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Adobe Illustrator has long been a popular vector–based drawing program, but for many the learning curve is steep. In Illustrator CS4 One-on-One: Fundamentals, author and leading industry expert Deke McClelland shows users how to get in to the Illustrator mindset and overcome this learning curve. He covers the application's key features in a new way, making it simple and easy to master Illustrator. Deke teaches viewers how to use the core drawing and shape tools, the transformation and reshaping features, text, and the Pen tool. He also explains how to export and print. Even if learning Illustrator has been a struggle in the past, this training can help make sense of it. Exercise files accompany the course.
I am going to wrap things up by showing you how to transform tile patterns independently of their filled objects which requires a little bit of fancy footwork here inside Illustrator. I am working in a progress document called Nasal patterns.ai found inside the 07_edit_transform folder and it's just a simple file here. I'm going to turn off the guides layer here inside the Guides palette. And I'm also going to hide to my rulers by pressing Ctrl+R or Command+R on the Mac and then I'm going to zoom in on the God's face right here and you might notice that the face is surrounded by some objects that are filled with tile patterns.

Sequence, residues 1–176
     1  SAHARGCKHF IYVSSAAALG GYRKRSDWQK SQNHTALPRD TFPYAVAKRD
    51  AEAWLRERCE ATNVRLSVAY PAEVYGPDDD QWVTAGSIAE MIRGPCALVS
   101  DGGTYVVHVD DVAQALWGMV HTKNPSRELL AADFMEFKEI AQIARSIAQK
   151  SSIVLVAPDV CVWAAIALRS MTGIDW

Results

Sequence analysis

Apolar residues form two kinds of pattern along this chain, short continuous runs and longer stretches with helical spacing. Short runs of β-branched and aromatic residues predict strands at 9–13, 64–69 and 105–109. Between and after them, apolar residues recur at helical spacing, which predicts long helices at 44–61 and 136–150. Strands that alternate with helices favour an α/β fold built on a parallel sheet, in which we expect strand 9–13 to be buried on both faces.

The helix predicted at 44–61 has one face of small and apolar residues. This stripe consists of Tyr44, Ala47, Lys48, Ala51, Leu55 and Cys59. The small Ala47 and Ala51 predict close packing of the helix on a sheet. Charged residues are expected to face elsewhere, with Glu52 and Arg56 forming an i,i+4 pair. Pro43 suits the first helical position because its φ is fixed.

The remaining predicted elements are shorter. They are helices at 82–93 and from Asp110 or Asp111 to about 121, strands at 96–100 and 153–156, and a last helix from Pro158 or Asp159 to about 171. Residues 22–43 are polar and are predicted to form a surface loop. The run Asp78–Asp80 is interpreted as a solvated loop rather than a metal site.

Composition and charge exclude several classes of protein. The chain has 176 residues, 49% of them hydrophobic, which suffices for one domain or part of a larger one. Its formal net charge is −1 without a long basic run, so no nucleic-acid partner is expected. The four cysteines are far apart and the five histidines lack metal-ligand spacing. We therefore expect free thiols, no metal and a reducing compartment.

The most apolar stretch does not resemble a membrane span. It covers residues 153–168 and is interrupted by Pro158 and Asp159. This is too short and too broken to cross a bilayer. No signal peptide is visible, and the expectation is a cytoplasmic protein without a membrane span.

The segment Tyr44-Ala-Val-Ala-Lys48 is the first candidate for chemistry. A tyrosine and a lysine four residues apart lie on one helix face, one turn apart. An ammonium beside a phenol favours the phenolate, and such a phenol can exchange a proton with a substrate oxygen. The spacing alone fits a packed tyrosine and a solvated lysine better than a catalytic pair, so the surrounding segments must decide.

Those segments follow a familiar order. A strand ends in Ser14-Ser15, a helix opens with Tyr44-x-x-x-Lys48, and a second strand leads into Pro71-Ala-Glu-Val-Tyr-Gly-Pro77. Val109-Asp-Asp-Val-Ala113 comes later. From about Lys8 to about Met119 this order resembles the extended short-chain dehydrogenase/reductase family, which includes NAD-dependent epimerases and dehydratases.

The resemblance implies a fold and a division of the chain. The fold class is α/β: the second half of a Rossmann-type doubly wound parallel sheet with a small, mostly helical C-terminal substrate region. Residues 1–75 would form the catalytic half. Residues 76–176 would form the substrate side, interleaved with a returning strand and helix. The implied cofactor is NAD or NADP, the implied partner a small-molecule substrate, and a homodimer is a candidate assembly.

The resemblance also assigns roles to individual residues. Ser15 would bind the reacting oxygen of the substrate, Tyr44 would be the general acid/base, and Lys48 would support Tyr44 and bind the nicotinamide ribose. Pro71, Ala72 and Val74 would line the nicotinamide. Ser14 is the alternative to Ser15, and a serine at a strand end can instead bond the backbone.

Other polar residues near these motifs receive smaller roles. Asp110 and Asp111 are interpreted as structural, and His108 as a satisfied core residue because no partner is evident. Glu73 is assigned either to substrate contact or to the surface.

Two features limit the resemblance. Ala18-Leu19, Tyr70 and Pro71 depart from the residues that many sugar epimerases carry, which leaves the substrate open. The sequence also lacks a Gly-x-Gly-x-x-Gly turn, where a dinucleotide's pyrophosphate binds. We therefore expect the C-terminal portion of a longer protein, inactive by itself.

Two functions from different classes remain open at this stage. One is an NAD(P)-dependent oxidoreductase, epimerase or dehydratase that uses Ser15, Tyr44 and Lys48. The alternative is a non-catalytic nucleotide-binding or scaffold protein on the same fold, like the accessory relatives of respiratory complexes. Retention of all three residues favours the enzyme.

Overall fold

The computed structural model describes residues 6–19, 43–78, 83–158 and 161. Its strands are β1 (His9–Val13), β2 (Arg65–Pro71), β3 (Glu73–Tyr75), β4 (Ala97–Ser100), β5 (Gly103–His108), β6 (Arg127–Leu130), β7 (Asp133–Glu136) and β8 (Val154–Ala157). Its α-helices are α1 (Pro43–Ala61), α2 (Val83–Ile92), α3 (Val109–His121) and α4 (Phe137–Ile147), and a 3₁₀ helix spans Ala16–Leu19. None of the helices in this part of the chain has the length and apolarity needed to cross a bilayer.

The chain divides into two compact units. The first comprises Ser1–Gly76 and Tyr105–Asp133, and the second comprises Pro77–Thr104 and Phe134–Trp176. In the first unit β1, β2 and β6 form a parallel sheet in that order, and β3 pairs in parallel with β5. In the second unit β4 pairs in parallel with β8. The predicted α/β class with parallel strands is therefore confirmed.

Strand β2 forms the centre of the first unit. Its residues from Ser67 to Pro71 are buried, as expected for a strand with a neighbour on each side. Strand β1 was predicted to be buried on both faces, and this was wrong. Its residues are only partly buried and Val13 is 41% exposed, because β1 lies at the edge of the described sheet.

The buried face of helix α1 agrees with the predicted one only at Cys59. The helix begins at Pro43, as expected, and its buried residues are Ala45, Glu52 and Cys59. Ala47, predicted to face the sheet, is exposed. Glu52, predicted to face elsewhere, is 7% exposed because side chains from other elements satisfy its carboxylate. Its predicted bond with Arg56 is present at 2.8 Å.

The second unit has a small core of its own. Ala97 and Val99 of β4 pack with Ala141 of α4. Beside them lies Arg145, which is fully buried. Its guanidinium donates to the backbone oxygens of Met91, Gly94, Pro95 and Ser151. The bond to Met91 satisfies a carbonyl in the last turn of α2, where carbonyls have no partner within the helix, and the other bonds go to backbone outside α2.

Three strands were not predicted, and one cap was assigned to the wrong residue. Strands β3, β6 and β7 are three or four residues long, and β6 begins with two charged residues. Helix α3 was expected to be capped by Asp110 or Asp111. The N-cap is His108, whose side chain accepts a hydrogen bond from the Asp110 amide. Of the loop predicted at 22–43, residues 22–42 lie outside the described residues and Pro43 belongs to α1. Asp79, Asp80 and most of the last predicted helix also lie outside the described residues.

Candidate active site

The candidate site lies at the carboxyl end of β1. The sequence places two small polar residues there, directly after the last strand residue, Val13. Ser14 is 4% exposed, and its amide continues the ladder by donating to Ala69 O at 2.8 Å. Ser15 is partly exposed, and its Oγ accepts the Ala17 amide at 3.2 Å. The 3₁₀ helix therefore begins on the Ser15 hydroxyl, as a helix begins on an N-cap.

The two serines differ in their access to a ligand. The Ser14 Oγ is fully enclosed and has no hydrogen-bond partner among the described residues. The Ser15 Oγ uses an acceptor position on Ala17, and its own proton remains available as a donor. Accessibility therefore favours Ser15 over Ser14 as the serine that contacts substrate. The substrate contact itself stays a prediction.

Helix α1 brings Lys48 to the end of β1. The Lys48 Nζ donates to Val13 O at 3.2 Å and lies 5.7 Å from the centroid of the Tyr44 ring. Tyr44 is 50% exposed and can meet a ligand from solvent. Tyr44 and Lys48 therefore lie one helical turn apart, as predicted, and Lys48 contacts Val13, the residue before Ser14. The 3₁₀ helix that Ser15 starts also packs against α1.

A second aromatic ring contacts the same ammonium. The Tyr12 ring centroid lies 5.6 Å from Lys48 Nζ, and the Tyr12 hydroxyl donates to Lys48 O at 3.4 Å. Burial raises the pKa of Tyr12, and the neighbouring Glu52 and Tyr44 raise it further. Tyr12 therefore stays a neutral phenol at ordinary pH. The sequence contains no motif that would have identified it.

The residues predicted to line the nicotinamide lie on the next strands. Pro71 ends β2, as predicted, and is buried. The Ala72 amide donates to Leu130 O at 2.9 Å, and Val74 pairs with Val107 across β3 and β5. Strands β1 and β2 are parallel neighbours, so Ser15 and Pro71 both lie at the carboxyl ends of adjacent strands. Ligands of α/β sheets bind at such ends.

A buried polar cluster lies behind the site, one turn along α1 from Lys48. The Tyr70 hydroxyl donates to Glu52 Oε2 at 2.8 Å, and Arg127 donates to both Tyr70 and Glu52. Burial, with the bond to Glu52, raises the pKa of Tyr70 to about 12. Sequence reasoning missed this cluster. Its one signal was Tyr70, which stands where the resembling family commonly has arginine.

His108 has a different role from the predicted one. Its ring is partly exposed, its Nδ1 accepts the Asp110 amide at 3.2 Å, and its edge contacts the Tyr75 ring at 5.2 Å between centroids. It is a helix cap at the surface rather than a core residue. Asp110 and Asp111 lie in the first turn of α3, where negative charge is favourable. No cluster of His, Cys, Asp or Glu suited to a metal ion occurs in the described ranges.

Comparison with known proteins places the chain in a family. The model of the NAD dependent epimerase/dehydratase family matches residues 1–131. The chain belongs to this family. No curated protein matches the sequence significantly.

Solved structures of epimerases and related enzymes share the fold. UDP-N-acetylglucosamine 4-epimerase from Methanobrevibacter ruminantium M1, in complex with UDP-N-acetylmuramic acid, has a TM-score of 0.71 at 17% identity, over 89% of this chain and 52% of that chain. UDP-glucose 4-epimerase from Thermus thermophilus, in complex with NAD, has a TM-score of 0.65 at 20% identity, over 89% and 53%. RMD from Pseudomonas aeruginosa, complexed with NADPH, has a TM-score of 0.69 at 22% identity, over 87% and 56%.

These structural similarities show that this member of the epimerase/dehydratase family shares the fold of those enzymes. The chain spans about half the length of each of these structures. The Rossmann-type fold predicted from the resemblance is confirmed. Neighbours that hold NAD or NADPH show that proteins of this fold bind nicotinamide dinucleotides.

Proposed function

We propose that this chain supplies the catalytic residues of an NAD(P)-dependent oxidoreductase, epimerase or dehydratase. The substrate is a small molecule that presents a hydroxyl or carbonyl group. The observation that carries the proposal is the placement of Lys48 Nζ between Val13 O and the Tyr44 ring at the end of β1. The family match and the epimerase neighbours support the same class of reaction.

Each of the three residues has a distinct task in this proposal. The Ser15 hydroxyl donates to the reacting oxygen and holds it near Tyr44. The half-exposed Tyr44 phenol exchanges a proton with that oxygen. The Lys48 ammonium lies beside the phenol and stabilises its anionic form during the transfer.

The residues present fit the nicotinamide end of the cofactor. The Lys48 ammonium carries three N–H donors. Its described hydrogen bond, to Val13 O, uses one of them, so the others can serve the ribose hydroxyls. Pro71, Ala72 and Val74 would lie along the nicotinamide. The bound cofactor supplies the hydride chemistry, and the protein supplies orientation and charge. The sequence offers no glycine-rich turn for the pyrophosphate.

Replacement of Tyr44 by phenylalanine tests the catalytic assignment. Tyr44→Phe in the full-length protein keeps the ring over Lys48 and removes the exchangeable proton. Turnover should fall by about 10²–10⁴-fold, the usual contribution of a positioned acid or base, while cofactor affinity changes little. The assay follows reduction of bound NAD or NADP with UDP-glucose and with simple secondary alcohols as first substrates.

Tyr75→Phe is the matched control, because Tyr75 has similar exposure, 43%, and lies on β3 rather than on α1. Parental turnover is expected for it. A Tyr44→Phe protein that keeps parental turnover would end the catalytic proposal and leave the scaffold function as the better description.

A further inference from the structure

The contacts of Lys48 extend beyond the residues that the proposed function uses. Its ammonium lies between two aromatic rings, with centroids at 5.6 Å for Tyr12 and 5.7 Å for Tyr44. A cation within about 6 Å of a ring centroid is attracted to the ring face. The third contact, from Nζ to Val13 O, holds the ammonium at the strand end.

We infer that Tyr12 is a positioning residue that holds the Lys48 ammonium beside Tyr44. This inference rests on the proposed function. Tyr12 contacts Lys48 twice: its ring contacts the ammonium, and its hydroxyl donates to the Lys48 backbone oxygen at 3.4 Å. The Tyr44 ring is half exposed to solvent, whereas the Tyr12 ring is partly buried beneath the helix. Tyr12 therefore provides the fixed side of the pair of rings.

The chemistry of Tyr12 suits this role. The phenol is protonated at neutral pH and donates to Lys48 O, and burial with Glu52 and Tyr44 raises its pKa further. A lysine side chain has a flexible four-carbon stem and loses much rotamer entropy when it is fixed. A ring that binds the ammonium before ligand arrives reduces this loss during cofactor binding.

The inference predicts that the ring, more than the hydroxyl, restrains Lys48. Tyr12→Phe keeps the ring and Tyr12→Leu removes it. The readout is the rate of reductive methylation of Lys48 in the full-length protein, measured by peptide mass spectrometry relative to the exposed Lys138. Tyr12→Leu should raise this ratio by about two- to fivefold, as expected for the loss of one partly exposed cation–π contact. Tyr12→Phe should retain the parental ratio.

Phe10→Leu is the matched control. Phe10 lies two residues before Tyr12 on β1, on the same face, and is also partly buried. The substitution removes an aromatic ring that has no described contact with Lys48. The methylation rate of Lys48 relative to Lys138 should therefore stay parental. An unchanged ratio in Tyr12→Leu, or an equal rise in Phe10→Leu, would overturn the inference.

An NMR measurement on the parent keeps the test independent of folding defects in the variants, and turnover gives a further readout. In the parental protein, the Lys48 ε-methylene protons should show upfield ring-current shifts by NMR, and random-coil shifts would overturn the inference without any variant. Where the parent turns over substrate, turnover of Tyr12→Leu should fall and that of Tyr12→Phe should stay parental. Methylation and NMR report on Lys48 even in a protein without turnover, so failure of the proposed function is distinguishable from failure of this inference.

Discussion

So these repeating blobs, which are actually stylized versions of the God's nose, which is already a fairly stylized object. Now if you want to see what those tile patterns are you can look in the Swatches palette. You will notice that there is one called Brown nose 1, Brown nose 2 and Brown nose 3 because they are indeed brown noses. There is also Brown nose 4, 5 and 6 in my document here. Those were created automatically by Illustrator when I converted the calendar to a gray scale object. So it had to make new versions presumably of these Nasal patterns here and then go ahead and number them sequentially.
And so here they are, even though the noses are not the least bit brown. We are not the least bit concerned about those noses; we are concerned about the ones appear in full color on the progress layer. So I'm going to click on this star here, this blue star shape that has some noses inside of it and then I'll go to the Appearance palette and I can see that there are two Fills. One is this guy right there which is the Deep sky swatch and the other is this Fill which is Brown nose 2 and the area that appears white in this tiny little thumbnail, maybe I'll make it bigger so that we can see it even larger here, I'll switch to the Large Thumbnail View so that we can see big versions of the noses.